Fig. 4 (a) SEM photography of human skin24 and related droplet contact angles, and (b) SEM photography of the fabricated artificial microfluidic skin and related droplet contact angles. Although variation in sweat pore size is obvious in the SEM photograph of (b), the artificial skin was designed to minimize/ eliminate the associated influence of variation in Laplace pressure with pore size.

The next characterization performed was to confirm that the ‘sweating’ velocity can be uniform and adjustable with pressure, and to perform as predicted by the theoretical model. The liquid tank height h was adjusted from 25 cm (0.36 psi) to 45 cm (0.85 psi) and experimentally measured sweat velocities are plotted in Fig. 6. It should be noted that the minimum initial pressure required to start flow through the membrane was y0.4 psi for y1 s, and once flow was started,

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Fig. 6 Theoretical and experimental results for steady state ‘sweat’ rate density vs. pressure for the fabricated artificial microfluidic skin. The average experimental pore size was 80 mm. The inset diagram represents the wetting condition and microfluidic model during which the data was calculated or measured.



2 vrghp2 D4 m DS a 512mLm


Fig. 5 Photos of ‘sweating’ (a) multiple artificial sweat pores and (b) over a single sweat pore, for an applied pressure of 0.4 psi. Although nearly all pores are activated, it is difficult to visualize all of them as the artificial skin has rough surface which also scatters reflected light. Therefore in Fig. 5a, a few red circles are added to identify a subset of activated pores, and similar red outline is also provided in Fig. 5b to help visualize the wetting perimeter (contact line) of the droplet emerging from a pore.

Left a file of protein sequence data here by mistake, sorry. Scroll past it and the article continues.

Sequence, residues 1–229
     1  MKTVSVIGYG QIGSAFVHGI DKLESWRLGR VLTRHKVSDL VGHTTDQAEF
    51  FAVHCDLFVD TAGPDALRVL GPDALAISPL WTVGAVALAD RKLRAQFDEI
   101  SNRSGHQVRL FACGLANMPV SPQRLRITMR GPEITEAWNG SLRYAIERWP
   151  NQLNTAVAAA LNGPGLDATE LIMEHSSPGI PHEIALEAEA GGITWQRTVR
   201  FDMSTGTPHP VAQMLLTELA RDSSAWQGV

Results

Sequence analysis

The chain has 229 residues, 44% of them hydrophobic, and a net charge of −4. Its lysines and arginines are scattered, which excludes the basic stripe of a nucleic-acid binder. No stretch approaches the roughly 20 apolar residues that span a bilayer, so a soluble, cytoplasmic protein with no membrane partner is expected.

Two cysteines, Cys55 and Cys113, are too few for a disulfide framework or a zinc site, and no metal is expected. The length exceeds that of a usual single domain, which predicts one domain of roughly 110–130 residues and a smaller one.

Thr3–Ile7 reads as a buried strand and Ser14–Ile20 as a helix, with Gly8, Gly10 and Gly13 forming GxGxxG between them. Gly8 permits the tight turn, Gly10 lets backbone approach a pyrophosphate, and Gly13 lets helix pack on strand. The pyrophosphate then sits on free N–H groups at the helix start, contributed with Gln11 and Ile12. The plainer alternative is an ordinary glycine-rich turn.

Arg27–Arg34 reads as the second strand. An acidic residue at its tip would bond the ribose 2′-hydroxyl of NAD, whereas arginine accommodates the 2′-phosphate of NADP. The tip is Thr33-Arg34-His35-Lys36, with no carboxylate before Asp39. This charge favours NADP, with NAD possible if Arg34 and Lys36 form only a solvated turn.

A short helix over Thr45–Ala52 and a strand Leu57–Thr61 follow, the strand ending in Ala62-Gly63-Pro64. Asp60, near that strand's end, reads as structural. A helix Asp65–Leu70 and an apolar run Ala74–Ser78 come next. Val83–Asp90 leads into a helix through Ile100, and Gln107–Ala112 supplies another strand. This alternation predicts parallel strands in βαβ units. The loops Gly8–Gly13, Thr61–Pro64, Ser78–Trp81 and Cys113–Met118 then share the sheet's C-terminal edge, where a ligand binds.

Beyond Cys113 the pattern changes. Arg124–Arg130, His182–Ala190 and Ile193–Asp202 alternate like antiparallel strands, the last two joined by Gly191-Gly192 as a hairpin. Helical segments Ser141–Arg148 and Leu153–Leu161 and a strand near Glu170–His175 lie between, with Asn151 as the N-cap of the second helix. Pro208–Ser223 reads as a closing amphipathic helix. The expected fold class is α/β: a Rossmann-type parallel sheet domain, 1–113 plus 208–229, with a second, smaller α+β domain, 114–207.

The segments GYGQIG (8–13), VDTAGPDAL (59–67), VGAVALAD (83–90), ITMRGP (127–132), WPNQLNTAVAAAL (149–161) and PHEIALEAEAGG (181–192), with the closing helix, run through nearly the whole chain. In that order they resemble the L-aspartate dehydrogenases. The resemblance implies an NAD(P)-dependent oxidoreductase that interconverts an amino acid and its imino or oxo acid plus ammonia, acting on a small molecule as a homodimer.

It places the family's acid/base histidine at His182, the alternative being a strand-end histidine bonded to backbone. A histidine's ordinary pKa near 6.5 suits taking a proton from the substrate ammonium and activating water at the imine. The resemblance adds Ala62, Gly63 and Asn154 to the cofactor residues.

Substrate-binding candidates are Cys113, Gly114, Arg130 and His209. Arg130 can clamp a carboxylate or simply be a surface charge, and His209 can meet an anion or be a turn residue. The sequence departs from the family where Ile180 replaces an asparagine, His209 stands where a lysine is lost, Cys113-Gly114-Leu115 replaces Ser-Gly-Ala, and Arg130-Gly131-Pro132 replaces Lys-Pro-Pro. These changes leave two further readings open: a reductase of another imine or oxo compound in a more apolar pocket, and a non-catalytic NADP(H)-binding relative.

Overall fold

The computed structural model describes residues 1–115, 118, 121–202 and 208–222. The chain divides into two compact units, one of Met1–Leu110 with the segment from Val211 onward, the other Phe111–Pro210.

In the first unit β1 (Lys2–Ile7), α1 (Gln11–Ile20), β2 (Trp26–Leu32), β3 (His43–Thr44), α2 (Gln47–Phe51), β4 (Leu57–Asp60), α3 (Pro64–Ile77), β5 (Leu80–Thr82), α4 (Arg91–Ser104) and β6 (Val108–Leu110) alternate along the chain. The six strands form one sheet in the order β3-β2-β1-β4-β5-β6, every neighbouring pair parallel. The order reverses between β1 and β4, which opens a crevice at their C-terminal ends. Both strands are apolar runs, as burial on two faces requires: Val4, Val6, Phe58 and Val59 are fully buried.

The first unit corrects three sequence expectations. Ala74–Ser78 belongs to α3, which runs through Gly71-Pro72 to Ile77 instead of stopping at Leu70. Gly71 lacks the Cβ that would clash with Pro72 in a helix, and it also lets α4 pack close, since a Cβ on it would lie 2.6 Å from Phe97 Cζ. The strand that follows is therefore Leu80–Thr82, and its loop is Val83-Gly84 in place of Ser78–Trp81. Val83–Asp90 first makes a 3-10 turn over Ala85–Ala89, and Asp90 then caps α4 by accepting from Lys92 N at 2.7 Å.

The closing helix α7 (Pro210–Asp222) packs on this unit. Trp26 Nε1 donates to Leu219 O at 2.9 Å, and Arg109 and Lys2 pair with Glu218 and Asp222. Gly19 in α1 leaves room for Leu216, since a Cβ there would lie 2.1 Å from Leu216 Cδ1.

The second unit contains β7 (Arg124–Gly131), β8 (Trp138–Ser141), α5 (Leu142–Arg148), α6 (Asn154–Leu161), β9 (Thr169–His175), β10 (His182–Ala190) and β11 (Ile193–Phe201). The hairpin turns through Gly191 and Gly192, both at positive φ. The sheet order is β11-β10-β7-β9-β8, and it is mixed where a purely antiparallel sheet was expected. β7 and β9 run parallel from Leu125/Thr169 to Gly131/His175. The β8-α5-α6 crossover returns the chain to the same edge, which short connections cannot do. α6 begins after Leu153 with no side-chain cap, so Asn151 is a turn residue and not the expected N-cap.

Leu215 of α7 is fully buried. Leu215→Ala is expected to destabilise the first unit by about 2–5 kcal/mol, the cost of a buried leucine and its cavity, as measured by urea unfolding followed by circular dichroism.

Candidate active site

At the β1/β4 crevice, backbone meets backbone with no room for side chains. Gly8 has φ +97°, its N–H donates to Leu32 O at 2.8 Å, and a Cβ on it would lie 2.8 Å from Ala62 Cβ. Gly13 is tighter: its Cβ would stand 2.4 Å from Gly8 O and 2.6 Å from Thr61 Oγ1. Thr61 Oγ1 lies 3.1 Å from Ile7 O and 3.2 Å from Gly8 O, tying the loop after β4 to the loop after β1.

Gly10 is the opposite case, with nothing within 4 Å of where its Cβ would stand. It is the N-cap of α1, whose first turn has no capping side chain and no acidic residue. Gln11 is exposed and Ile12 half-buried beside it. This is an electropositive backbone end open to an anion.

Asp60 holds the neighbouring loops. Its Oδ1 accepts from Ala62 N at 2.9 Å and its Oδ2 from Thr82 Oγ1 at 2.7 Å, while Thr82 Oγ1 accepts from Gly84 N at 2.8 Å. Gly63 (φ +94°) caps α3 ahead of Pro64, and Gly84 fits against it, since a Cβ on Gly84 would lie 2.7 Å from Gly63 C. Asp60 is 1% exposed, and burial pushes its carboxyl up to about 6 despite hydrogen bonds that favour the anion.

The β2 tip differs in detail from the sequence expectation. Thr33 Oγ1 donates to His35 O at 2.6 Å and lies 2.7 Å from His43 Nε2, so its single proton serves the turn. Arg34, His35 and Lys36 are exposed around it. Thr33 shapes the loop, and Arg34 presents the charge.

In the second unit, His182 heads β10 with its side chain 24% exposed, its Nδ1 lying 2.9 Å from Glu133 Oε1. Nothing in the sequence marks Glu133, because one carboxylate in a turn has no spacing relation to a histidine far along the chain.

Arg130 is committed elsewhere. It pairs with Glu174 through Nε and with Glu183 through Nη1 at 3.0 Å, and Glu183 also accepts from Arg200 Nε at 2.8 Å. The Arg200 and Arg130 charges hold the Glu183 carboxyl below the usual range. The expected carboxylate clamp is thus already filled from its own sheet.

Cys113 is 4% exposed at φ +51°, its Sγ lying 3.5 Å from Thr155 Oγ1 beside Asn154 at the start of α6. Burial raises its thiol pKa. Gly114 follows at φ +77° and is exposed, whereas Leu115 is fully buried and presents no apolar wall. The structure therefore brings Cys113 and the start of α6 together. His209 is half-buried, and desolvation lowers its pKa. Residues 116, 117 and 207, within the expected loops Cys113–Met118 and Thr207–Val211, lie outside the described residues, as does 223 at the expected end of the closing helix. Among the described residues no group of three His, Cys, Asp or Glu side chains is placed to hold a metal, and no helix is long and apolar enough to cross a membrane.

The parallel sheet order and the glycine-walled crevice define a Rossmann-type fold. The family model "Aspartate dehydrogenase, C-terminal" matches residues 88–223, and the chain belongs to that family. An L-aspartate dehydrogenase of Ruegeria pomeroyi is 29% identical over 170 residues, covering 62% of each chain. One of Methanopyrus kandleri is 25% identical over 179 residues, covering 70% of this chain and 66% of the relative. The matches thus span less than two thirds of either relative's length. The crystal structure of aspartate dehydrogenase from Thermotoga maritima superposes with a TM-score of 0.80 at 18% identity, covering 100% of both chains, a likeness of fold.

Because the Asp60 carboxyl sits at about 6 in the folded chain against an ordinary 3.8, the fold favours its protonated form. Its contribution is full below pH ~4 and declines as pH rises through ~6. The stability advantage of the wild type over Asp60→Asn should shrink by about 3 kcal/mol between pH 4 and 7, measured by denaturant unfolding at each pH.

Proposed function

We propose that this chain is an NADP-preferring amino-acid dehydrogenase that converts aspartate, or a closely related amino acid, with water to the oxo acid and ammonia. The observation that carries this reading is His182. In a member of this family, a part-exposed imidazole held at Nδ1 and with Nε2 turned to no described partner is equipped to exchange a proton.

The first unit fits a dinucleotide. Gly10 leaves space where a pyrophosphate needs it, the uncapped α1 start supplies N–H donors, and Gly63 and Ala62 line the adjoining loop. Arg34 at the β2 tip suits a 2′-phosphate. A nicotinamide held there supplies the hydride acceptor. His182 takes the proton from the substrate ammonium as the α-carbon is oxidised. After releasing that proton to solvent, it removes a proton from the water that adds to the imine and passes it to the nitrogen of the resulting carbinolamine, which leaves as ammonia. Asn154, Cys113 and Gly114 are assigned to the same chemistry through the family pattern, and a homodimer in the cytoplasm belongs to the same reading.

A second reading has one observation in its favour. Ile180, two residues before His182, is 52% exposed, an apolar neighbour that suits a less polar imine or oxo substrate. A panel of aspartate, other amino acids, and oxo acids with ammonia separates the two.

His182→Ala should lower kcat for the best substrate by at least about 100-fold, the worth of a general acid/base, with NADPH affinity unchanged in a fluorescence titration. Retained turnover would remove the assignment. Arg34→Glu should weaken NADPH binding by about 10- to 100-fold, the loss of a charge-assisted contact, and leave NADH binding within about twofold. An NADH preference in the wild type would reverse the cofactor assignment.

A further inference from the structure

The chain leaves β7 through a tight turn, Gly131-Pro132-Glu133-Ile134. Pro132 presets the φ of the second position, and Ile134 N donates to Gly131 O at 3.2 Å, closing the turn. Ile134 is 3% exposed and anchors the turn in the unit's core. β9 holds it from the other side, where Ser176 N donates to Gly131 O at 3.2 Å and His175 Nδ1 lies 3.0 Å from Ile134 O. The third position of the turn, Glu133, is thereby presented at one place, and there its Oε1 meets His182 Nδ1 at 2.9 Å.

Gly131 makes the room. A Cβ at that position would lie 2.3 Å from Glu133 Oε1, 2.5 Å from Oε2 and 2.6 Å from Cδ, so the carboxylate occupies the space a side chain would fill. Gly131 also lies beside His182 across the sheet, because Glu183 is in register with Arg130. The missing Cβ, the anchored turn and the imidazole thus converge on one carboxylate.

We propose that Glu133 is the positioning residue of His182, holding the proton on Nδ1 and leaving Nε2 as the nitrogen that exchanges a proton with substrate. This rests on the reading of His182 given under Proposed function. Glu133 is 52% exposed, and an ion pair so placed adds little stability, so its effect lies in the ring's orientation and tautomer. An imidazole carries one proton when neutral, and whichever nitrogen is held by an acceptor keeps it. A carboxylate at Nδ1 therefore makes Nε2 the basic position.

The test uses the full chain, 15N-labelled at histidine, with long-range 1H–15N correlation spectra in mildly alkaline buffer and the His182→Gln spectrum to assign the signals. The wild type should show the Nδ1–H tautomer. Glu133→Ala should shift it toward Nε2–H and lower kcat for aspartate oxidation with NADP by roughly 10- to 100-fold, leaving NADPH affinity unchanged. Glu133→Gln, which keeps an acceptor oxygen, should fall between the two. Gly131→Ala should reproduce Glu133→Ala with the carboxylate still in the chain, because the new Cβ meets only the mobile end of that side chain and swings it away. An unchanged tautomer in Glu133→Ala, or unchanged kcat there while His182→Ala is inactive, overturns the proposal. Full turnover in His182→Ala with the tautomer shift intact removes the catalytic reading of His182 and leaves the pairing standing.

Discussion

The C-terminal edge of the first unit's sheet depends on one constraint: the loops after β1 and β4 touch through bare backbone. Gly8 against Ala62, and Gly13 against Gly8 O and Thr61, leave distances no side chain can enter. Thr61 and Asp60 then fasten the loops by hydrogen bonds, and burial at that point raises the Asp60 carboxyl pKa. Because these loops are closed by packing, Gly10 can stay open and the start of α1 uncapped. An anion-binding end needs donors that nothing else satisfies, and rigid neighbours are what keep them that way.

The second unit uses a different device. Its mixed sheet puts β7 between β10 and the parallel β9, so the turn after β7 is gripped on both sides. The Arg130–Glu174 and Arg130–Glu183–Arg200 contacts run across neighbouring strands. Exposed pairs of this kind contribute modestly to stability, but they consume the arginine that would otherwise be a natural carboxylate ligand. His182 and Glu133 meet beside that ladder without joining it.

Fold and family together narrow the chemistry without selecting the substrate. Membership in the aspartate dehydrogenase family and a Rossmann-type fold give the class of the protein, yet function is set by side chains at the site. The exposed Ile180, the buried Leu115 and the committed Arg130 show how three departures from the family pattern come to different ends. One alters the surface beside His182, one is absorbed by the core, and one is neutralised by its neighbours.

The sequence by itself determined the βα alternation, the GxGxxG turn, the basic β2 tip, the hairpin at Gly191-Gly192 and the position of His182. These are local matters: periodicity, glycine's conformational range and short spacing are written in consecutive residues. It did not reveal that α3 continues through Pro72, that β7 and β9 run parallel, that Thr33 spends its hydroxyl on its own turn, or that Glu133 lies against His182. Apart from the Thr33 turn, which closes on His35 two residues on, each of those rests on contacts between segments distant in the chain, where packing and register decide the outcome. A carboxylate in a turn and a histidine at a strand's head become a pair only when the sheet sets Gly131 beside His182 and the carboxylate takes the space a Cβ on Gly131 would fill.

pressure could be further increased or decreased to modify flow rate. The experimental data were recorded with the Slimline Glass flowmeter (Gilmont) for each data point after the flow rate was stabilized. The data were taken after fluid wets on the exposed surface of the top sweat pore layer, and therefore Laplace pressure effects become insignificant (see inset diagram for Fig. 6). If Laplace pressure can be ignored, then eqn (7) and (9) can then be simplified to: Qn ~

2 rghp2 D4 m DS a 512mLm


Eqn (10) and (11) are then used to generate the theoretical data presented in Fig. 6. The experimental results shown are with a pore diameter average of Ds y 80 mm, and are in general agreement with the theoretically expected results. These results also confirm that the artificial microfluidic skin can simulate sweat levels associated with human exercise (0.75 L h21 m22 for runners17). There are three additional observations regarding the experimental results of Fig. 6, which are worthy of discussion. First, initially the increase in perspiration rate with increasing pressure is non-linear and greater than that theoretically predicted. This effect is at least partially due to initial expansion of flexible artificial skin membrane27 (e.g. as seen in Fig. 1c, the membrane could be seen to expand as pressure is initially ramped, which creates additional volume below the membrane that must be filled, which then temporarily increases the measured flow rate feeding into the device). Second, higher theoretical perspiration rates, beyond human rates, are also provided in Fig. 6 because for some applications this might shorten the required testing time, or provide new experimental insights. Third, the perspiration variation between individual pores was not measured for the artificial microfluidic skin, because little is known about human sweat gland variance (practically it might not be that important). As observed in Fig. 5a, all pores are